Getting a cautious thumbs-up is not the end for anyone who has been diagnosed with cancer. For me it was certainly life-changing. Having already retired from full-time PR, I went back to work as a non-executive director in the NHS as well as working with a small cohort of personal training clients. I was keen to get back to normal life, which included running again. But the hard truth is I had had a wake up call – none of us know what is ‘round the corner.’ One day I was fit, healthy and happy the next day I had cancer which is indiscriminating and the outcome often uncertain. From that point on I was determined to make the most of life and not spend time doing things that I didn’t want to do. Life is too short!!!

Running competitively and setting records was no longer important. I didn’t want to put myself under that sort of stress again. What does it matter if I run more slowly as long as I am enjoying it?

For many months after surgery I didn’t believe the cancer had gone. Slowly that anxiety has dissipated. It probably has gone, it may not have done. But I am certainly a cancer survivor and I owe it to myself to now live life to the full again. Which brings me to the 2018 London Marathon.....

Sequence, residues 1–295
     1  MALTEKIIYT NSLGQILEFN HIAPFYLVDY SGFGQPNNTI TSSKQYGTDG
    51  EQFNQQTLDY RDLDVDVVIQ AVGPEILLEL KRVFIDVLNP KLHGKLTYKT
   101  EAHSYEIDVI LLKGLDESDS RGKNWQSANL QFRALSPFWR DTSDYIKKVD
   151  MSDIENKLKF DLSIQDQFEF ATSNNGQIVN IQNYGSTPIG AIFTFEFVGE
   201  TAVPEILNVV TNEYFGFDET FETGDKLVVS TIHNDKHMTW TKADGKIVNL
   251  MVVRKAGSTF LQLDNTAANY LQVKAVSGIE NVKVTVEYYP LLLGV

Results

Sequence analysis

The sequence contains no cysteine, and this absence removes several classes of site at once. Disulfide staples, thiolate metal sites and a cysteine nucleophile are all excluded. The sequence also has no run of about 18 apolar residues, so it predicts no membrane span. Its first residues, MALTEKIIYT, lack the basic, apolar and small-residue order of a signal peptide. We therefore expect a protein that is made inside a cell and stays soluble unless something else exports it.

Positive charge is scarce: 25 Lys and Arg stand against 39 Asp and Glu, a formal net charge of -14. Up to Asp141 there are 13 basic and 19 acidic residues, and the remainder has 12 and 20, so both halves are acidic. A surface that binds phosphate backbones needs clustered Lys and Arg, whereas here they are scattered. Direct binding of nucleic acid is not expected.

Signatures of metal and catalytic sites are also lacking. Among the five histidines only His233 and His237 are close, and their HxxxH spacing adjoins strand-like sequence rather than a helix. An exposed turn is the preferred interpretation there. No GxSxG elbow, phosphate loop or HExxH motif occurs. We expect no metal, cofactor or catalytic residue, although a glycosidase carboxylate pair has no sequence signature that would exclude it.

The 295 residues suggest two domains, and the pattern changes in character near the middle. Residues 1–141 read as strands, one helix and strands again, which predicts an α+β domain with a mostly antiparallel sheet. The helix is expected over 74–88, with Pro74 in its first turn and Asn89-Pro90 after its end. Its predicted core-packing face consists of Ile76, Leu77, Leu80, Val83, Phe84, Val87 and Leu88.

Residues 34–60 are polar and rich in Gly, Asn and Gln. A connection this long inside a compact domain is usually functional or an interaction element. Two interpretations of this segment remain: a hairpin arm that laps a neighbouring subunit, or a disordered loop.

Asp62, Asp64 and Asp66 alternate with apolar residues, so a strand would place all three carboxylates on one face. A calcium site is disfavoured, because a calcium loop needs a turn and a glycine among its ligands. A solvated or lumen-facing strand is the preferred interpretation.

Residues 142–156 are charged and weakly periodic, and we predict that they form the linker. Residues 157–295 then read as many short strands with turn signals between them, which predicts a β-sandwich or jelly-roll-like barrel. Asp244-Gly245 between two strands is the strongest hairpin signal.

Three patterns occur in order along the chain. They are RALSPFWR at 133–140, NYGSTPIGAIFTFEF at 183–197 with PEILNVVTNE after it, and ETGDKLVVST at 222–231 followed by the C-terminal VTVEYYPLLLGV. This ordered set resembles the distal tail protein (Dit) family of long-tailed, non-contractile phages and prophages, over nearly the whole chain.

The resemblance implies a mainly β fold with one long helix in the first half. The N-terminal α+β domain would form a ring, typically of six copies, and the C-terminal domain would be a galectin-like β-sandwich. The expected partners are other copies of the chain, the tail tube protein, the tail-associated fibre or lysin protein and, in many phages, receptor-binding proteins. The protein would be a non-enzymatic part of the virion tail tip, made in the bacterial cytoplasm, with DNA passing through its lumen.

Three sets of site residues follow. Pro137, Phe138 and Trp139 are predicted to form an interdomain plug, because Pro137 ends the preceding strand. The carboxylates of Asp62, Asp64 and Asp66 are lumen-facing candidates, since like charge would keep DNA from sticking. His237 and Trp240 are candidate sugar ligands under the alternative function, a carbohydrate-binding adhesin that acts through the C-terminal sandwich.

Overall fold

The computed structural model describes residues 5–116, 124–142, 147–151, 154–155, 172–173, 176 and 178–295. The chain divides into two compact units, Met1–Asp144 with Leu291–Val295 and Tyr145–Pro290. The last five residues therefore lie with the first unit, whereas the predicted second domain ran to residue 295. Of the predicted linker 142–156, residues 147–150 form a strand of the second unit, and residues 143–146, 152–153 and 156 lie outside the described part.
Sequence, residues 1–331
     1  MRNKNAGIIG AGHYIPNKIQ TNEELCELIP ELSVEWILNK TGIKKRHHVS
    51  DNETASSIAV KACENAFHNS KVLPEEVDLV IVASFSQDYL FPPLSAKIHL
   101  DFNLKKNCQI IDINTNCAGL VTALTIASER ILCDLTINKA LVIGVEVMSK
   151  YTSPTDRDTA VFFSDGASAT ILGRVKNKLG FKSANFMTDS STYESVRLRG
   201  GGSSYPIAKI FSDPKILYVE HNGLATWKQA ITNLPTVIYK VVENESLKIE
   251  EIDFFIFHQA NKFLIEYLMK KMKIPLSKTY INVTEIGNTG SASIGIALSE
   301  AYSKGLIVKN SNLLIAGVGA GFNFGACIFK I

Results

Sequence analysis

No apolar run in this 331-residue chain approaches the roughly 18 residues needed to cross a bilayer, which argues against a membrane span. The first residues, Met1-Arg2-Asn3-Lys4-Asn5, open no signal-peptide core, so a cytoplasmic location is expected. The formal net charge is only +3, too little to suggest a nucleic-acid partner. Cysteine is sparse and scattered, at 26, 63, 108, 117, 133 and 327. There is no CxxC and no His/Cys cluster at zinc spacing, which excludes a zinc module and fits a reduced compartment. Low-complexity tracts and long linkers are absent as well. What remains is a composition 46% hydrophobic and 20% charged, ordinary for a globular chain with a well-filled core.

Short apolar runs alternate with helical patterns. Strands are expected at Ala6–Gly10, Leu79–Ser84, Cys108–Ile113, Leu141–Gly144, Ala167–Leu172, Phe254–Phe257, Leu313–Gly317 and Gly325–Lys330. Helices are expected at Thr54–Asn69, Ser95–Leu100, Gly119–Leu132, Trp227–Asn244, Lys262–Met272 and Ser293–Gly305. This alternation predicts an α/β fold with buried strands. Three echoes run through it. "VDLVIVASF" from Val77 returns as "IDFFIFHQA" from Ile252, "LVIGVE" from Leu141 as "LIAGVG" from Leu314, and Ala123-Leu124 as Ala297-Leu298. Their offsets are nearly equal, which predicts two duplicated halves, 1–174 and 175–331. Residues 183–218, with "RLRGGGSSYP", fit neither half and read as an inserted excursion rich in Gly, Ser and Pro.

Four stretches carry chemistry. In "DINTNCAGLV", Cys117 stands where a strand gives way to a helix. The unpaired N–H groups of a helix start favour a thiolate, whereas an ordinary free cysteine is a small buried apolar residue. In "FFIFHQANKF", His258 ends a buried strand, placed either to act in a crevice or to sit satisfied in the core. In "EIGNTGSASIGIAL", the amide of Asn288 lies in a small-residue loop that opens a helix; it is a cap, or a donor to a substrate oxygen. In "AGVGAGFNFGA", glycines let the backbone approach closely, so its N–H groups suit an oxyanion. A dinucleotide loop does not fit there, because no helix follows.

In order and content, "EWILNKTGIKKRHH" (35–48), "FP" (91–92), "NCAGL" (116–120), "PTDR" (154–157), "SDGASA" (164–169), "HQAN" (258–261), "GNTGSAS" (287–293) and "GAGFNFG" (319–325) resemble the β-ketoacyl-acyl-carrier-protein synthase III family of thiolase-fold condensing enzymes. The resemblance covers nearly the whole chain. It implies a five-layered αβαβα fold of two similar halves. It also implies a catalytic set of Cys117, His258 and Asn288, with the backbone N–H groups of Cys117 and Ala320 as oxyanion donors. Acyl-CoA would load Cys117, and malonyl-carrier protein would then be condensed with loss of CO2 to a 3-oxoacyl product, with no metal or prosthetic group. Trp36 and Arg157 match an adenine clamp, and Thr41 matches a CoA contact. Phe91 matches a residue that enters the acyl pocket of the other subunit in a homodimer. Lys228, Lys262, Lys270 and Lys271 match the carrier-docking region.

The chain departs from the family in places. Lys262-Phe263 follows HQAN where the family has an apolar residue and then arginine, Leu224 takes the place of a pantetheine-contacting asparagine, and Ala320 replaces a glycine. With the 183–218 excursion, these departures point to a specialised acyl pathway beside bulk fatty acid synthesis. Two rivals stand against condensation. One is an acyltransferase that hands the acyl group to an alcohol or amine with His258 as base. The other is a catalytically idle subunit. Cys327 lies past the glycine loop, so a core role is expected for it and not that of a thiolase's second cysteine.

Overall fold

Without boring you with a step-by-step account of the event I can safely say I had never imagined it would my toughest ever 26.2 miles! It was London’s hottest marathon at 74 degrees C and runners fell like nine-pins from early on in the race, which is quite disconcerting, to say the least. Cramp took hold before the halfway mark and after that it was a painful journey. My determination to finish on my feet (rather than a stretcher) was strengthened by the reasons I was undertaking the challenge and made crossing the finish line even more gratifying, despite the fact if it was my slowest performance!!! For the record, I came home in 3 hours 40 minutes 50 seconds and was the third fastest 60 year old woman. The statistics do not matter. Everyone has their own personal reason for running a marathon, mine no more or less significant than anyone else’s.